Amyas Morse, Comptroller and Auditor General, has qualified his audit opinions on the Client Funds Accounts of the Department for Work and Pensions on the grounds of material errors in the calculations of child maintenance assessments. He has also given an adverse (the most serious) opinion on the truth and fairness of the outstanding maintenance arrears on the 1993 and 2003 schemes.
The statutory child maintenance schemes in Great Britain are delivered by the DWP, which is leading the schemes through a period of major reform.
The Department no longer accepts new cases to be administered under the older 1993 and 2003 schemes. While case closure continues, however, the Department continues to run the older schemes concurrently with the new 2012 scheme. Once cases are closed on the 1993 and 2003 Schemes, the client can then choose whether to reapply under the 2012 Scheme rules. The 2012 scheme is reported separately from the 1993 and 2003 schemes.
The Client Funds Accounts record the receipts of child maintenance from non-resident parents; payments to parents with care and the Secretary of State; arrears of unpaid assessments from non-resident parents; and a statement of cash balances held at the year end (the value of maintenance received which has not yet been paid out).
Irregular receipts and payments – 1993 and 2003 schemes
In 2015-16, the Department received £638.5 million in respect of child maintenance from non-resident parents assessed under the 1993 and 2003 schemes. The NAO has estimated that errors in assessments result in overpayments of child maintenance amounting to £3.3 million (0.51% of receipts) and underpayments totalling £4.5 million (0.71% of receipts).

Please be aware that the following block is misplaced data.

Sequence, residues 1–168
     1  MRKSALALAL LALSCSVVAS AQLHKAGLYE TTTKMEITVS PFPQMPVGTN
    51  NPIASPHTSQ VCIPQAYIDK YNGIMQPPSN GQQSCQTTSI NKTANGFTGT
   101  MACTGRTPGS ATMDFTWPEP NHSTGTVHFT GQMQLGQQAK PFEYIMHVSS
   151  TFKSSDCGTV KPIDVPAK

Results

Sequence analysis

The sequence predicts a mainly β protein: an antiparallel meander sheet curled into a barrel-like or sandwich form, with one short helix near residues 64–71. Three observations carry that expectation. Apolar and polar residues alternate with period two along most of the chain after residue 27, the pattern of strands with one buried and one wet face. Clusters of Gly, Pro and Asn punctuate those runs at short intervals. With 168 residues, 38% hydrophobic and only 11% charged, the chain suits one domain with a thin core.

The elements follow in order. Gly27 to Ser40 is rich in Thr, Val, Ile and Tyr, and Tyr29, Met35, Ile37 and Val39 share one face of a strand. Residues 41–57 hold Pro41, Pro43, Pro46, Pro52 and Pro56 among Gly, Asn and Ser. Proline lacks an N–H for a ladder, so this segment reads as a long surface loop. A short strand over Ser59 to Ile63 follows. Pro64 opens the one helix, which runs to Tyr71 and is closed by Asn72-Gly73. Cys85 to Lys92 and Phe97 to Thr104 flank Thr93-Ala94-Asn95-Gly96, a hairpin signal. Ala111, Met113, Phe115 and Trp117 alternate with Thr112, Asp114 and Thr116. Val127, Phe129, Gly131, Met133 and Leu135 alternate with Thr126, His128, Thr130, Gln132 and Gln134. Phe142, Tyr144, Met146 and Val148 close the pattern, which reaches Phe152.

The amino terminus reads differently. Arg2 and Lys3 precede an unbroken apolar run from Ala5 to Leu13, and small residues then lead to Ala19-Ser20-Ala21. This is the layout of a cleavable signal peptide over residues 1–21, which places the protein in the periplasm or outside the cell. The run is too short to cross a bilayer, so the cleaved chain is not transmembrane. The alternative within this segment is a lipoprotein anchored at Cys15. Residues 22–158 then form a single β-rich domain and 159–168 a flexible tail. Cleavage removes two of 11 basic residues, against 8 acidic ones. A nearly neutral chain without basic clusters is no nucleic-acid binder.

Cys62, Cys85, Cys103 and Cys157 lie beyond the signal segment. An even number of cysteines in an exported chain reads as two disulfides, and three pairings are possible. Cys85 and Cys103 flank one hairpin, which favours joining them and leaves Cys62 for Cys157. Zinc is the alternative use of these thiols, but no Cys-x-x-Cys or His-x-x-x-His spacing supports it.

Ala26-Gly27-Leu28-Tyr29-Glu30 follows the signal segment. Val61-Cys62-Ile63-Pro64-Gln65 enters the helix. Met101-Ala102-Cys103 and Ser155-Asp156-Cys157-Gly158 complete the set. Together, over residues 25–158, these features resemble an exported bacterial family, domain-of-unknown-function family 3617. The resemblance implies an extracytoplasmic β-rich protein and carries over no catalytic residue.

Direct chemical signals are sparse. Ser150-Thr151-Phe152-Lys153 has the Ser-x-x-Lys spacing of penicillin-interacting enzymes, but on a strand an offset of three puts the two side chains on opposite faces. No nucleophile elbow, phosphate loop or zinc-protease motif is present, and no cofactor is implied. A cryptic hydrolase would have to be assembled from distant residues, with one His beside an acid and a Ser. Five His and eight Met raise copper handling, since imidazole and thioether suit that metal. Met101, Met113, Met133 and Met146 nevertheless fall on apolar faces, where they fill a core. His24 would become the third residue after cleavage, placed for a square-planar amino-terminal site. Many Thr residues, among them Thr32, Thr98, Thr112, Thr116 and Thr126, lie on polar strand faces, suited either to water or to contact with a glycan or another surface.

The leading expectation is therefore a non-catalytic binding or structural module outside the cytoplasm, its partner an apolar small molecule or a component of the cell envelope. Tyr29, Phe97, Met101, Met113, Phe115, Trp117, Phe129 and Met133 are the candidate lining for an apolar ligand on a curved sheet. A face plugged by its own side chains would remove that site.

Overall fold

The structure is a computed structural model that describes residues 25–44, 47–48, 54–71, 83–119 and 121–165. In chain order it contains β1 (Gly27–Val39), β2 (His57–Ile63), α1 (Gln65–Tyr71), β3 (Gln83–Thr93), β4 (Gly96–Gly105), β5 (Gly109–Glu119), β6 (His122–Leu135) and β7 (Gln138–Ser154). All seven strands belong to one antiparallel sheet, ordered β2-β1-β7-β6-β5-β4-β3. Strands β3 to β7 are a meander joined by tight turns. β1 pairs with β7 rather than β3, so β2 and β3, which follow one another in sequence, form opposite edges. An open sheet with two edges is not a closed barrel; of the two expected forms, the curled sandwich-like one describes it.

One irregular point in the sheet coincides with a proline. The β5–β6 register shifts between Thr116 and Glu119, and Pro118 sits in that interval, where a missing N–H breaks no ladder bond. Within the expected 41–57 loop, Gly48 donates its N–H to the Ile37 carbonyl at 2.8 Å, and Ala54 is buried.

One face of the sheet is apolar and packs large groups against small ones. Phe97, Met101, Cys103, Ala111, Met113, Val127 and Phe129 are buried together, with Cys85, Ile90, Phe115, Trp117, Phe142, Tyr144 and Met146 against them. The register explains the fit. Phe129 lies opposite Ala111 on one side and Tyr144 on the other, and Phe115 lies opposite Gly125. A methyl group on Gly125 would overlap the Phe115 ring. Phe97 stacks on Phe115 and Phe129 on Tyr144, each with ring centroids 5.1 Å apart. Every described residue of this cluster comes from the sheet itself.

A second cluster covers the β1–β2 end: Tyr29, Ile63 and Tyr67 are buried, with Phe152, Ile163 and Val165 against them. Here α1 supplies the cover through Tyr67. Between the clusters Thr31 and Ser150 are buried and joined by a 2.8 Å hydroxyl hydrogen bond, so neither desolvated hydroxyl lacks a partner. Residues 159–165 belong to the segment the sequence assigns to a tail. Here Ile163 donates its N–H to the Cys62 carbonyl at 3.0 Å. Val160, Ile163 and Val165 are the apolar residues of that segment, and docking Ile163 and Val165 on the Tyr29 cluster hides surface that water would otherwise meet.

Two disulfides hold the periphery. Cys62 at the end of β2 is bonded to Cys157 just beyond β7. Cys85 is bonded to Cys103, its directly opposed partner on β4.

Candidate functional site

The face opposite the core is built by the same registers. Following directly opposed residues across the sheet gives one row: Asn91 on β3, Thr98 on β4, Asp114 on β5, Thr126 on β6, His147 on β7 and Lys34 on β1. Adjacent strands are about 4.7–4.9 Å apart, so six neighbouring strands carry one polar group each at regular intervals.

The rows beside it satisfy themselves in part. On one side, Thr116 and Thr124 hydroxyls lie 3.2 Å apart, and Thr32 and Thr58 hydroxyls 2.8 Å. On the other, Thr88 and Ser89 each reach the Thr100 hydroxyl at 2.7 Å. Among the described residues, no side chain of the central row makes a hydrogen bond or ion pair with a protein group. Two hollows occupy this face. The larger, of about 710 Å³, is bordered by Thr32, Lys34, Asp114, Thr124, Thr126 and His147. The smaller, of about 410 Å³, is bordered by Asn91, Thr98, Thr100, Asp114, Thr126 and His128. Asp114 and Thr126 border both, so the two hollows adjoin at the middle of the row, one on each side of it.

Irregular receipts and payments – 2012 scheme
In 2015-16, the Department received £39.9 million. The NAO has estimated that errors in assessments result in overpayments of child maintenance amounting to £278,122 (0.7% of receipts) and underpayments totalling £587,227 (1.47% of receipts).
Outstanding maintenance arrears on 1993 and 2003 schemes
The balance of £3.976 billion as at 31 March 2016 is the cumulative total of outstanding arrears since the Child Support Agency was established in 1993. This balance represents the total amount owed by non-resident parents to either the parent with care or, in some instances, the Secretary of State. Current legislation allows the Department to write off arrears only in very limited¬ circumstances. The NAO considers that these figures do not give a true and fair view because of the level of error in the underlying case data, which is a result of both inaccurate maintenance assessments by caseworkers and incorrect processing of cases. The best available estimates of the impact of incorrect processing of cases indicate that the reported arrears at 31 March 2016 are overstated by around £15.9 million and understated by around £115.8 million.
The future of the Client Funds schemes
The Department is currently part-way through the process of closing cases on the 1993 and 2003 schemes, issuing letters to customers who have cases on the 1993 and 2003 systems informing them that their cases are to be closed and inviting them to apply under the 2012 scheme rules. The Department is already reporting improved levels of accuracy in the 2012 scheme as compared with the same stage for the 1993 and 2003 schemes. Cases assessed under the 2012 scheme use an automated interface with HMRC systems for the majority of maintenance assessments, which the Department believes will further enhance accuracy both in the initial maintenance assessment calculations and at annual review. Any arrears that have accumulated under the 1993 and 2003 schemes, however, will not transfer to the 2012 scheme account and are likely to remain in the 1993 and 2003 scheme account for a long period of time, with no current plans to address these.